Church Ends Discriminatory Employment Practice: How Mormon Feminists Made a Difference
The Church announced yesterday that it will no longer refuse to hire women with children under 18 or fire female seminary and institute teachers when they become mothers. “This change makes it possible for families to decide what best meets their needs as it relates to mothers working while raising children,” said the announcement. Reference A
Amen to that.
I am thrilled about this change because it will make a real difference in Mormon lives (unlike renaming Women’s Meeting to Women’s Session, which is a nominal change only, especially considering that men will continue to preside and give the keynote speech at the women’s session). I look forward to a future with more female scriptorian role models for our youth. Even for women without children, the knowledge that they would be fired if they ever had children was a big deterrent from seeking a seminary or institute job. It was also an obstacle preventing local managers from hiring women, even without children; who wants to hire someone they would most likely have to fire later? As a parent, I am relieved that I will not have to make a difficult decision to either enroll my children in a program that blatantly discriminates against female employees or forego the benefits of seminary instruction for my children. And as I mentioned in a recent Exponent post, the discriminatory seminary and institute policy was actually undermining teachings by current apostles who encourage more friendly attitudes toward working mothers. Reference B
In December 2011, I posted here at the Exponent about some life events that had helped me realize that I needed to seek gender equality within the Mormon faith, including how I learned about the church’s policy banning mothers with minor children from employment as seminary teachers.
In the online conversation surrounding the post, I noticed that people who defended the church’s seminary program did not argue that firing women for having children was okay; they said that the Church has no such policy. It occurred to me that even more traditional church members would disapprove of this policy if they were made aware that it really exists.
I searched the Internet for documentation of the policy and found nothing.
Finally, I called my local Seminary and Institute Preservice Training Office and asked about the policy. They confirmed it, clarified it (although the clarification did not make it sound any less reprehensible) and admitted that they intentionally avoided disclosing the policy publicly. I suspect that they preferred to hide the policy because its discriminatory nature would bother church members and the general public. I documented the conversation, posted it here at the Exponent, and at last, the policy was available for others to read. I hoped that shining a light on the policy would lead to change.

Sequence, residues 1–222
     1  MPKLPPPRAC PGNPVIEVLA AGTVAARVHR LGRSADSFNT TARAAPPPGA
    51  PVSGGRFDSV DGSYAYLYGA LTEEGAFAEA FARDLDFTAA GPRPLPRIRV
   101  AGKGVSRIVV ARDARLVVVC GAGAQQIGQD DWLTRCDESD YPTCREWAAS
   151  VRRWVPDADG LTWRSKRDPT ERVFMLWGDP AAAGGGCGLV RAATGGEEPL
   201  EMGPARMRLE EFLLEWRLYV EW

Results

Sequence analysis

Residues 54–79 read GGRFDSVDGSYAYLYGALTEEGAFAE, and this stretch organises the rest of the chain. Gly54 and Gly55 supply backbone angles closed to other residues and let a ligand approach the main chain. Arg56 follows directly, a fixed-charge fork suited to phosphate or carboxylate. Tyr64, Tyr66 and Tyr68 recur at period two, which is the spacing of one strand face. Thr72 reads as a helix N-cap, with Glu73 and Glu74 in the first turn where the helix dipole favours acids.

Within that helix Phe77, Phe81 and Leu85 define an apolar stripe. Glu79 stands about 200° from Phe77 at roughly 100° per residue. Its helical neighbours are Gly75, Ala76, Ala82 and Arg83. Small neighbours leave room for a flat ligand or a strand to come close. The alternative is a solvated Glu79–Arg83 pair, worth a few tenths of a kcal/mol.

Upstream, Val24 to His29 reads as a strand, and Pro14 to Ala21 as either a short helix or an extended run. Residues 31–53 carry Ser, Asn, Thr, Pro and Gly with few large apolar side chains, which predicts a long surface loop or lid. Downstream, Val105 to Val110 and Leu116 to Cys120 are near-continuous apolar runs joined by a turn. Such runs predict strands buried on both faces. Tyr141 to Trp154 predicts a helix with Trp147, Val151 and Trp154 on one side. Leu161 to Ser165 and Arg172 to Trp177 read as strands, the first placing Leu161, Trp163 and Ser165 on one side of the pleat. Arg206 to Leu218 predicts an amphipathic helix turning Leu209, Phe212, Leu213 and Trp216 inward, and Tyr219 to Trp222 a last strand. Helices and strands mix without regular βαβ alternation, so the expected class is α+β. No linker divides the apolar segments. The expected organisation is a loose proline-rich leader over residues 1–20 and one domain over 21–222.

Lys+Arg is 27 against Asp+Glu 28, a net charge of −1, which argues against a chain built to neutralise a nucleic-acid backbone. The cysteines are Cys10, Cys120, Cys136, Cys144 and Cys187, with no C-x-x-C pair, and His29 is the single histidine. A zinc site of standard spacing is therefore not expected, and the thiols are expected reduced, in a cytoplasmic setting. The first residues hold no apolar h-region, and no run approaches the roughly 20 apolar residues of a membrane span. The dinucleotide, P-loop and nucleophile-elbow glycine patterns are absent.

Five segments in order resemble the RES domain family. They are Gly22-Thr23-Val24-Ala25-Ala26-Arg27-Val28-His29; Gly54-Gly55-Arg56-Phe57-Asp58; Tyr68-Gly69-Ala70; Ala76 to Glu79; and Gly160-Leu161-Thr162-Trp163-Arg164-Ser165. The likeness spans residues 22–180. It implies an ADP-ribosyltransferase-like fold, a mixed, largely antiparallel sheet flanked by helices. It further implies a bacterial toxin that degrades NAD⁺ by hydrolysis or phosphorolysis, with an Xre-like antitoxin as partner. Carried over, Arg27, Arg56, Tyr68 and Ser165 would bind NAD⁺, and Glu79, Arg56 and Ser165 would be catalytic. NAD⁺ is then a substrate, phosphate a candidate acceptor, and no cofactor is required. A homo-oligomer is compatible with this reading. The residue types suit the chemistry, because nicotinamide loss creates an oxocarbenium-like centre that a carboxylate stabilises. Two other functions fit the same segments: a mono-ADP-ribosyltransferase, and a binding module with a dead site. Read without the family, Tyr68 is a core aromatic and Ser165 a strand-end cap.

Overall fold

There was a strong reaction to the posted interview. A healthy debate ensued about how to change the policy. In April 2012, a major media outlet mentioned the LDS seminary program’s hiring ban for mothers, finally bringing broader public exposure to this long-held policy. My post at the Exponent was referenced as the source for the article.
In March 2014, the New York Times posted a detailed article about the status of women in the LDS Church and invited Mormon women to comment.
And we did comment! We posted so many comments that we prompted a follow-up story about the issues we mentioned in our comments, including the ban on mothers as paid seminary teachers.
Again, many church members were surprised to learn from the New York Times about the usually undisclosed policy, prompting Ordain Women to write a response, linking to my 2012 interview at the Exponent.
Later that week, Peggy Fletcher Stack at the Salt Lake Tribune asked a church spokesperson about the policy, finally resulting in a statement from official channels articulating the ban on mothers’ employment.
And at last, in November 2014, the policy finally changes.
Our work is not done, of course. It appears that other aspects of the policy still discriminate on the basis of family circumstance. For example, while some divorcees are newly eligible for seminary and institute teacher employment, the policy has only been relaxed for divorcees who are remarried. It appears that if a seminary or institute teacher ends a marriage to an abusive spouse, he or she will be fired. That is not acceptable.
What can we learn from the demise of the mothers’ employment ban at LDS seminaries and institutes as we seek further progress?
I conclude that shining a light on inequity works. When the policy was undocumented and its implications widely ignored, nothing changed. Bringing national media attention to the issue seems to have helped church leaders recognize the need to change.
It is too bad that the media are needed as an intermediary between church leaders and their female parishioners, but such is the state of affairs in our church today. Women are excluded from priesthood leadership, so we are not at the table when policy decisions are made and our input is received within the leadership hierarchy only when male leaders think to ask for it. Church members are officially discouraged from communicating with General Authorities and Church Headquarters returns feedback letters to local, mid-level priesthood leaders who have extensive authority to punish their parishioners but no authority to change church-wide policy. Reference C, Reference D In an open letter to Mormon bloggers, the head of the Church PR Department, Michael Otterson, informed us that “General Authorities do not engage” with “individuals or groups who make non-negotiable demands.” Reference E How they can possibly know if someone’s demands or requests are non-negotiable if they refuse to meet to discuss these issues with the interested parties remains a mystery.